Lutherans are not known for their evangelism. It’s true. In general, Lutherans struggle to share their faith. Historically, we have counted on immigration and growing families. Today, this strategy for church growth does not work. In fact, it does not even work for church maintenance. People are not immigrating to the USA from countries that are predominantly Lutheran and fewer young families are attending church. Our intentional efforts at being the most welcoming church we can possibly be are, quite simply, not enough. It is time that we stop putting all of our energy into being welcoming and rethink what it means to be a follower of Christ. There is not one passage in the Bible in which Jesus says, “Sit comfortably where you are and welcome people who come to you and invite them to conform to your way.” Marketing agencies know this to be true. No matter how strong the brand loyalty is or how popular a product is, companies still invest in marketing. You have to continuously invite people or they will move on to the next thing. Jesus commands us to “Go and tell.” The great commandment instructs us to go out into the world to tell people about Jesus! That sounds simple but is also a daunting task to many. What do you say to someone you do not know? How do you even start the conversation? What about people you do know? That can be even more intimidating. If we are going to follow Jesus, we need to go and tell people about Jesus. Over the next five months I will give you bite sized challenges that will prepare you to invite people to church for Christmas Eve services. You may remember these challenges from several years ago. They were created by Rob Moss, pastor of Lutheran Church of the Master in Lakewood, CO.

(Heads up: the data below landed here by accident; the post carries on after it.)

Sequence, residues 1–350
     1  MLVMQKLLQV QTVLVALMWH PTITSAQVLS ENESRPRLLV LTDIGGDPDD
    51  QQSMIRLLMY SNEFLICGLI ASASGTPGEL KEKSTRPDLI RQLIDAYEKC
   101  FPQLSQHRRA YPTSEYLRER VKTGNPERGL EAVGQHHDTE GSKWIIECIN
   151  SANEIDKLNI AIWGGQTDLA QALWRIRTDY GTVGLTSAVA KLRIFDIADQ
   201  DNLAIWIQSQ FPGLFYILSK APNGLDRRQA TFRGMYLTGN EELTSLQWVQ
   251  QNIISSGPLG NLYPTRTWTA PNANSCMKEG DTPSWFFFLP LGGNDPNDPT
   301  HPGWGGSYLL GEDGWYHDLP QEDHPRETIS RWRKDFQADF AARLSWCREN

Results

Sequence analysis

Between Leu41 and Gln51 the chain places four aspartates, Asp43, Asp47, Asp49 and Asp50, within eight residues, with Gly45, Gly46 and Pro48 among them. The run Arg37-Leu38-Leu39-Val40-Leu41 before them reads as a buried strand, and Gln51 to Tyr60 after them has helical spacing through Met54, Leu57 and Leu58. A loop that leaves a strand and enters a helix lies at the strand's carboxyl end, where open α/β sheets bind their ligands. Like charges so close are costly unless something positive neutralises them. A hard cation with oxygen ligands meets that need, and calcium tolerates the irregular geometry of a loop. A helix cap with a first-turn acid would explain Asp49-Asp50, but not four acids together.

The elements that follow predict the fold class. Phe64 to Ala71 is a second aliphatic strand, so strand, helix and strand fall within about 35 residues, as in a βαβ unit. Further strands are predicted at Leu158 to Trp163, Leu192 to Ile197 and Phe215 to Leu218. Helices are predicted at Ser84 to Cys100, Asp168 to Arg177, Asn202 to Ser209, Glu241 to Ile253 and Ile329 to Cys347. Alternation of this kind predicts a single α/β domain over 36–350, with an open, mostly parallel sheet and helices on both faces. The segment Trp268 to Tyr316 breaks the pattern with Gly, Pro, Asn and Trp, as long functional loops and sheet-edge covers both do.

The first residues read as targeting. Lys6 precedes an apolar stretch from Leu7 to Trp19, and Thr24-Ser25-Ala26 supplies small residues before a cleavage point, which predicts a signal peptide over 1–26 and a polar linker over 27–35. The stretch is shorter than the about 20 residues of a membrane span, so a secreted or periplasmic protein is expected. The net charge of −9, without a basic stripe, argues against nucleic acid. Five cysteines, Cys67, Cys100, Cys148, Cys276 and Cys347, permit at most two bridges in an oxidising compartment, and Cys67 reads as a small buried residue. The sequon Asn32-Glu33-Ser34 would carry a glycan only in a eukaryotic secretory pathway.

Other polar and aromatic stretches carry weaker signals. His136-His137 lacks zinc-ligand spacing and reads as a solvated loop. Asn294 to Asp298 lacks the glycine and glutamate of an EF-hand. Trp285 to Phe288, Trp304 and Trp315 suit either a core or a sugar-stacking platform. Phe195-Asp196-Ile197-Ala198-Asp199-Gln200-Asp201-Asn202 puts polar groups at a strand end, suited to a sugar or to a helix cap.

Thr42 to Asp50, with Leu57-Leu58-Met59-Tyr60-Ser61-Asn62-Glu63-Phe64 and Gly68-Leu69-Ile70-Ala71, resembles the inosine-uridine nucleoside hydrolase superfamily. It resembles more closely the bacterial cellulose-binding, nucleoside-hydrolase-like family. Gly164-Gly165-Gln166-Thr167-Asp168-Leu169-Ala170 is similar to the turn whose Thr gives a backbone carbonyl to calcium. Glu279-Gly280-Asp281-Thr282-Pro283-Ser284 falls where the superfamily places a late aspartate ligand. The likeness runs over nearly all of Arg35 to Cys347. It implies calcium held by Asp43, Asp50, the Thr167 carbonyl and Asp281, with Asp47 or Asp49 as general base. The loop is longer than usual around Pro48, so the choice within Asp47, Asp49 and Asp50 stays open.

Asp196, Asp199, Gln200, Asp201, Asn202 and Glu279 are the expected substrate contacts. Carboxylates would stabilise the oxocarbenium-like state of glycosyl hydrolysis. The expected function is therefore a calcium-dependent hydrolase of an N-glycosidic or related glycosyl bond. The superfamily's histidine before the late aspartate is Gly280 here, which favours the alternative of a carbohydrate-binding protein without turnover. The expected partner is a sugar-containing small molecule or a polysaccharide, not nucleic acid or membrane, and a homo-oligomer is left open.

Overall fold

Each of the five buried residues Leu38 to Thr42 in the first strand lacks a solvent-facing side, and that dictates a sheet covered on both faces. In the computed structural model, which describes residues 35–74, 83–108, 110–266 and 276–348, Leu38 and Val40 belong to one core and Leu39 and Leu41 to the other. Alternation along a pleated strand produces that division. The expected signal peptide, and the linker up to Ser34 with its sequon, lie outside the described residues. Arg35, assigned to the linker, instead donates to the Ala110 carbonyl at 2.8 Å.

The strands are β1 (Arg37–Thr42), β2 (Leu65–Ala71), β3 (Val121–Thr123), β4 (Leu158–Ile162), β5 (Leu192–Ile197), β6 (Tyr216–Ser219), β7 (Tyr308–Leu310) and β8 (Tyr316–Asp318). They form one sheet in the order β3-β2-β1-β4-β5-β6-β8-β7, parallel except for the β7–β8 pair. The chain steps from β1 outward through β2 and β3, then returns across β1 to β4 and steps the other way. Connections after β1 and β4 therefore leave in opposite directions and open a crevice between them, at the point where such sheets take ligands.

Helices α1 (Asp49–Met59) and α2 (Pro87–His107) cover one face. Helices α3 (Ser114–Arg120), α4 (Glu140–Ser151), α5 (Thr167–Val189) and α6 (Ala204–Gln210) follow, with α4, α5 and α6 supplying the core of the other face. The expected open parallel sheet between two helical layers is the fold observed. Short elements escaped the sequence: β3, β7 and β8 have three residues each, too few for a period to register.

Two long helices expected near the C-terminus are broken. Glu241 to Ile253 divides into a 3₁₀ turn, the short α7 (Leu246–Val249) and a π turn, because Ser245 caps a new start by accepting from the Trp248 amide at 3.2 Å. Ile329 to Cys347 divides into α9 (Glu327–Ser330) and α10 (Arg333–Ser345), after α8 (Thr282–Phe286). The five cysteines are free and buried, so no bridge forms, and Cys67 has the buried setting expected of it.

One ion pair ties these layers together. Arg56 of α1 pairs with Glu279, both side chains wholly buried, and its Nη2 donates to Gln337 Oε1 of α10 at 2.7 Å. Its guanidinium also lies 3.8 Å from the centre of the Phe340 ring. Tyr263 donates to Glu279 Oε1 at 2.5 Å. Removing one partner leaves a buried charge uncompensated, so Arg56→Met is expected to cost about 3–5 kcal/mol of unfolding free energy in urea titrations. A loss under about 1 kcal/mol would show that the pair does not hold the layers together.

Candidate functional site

Challenge #1

       Try using the phrase “my church” in a conversation with one person each week. It’s as simple as talking with just one person one time each week during the month. You might say:  “My church is two blocks from Fred Meyer.”  “The pastor at my church has three boys.”  “There is a food bank at my church on Friday mornings.”  That’s it. Use the phrase “my church” in a conversation with one person each week throughout August. There are no rules on who you talk to. Will you accept this challenge with me and use the phrase “my church” in conversations throughout August?

By Pastor Jennifer Beil


      Once the crowd realized that neither Jesus nor his disciples were there, they got into the boats and went to Capernaum in search of Jesus.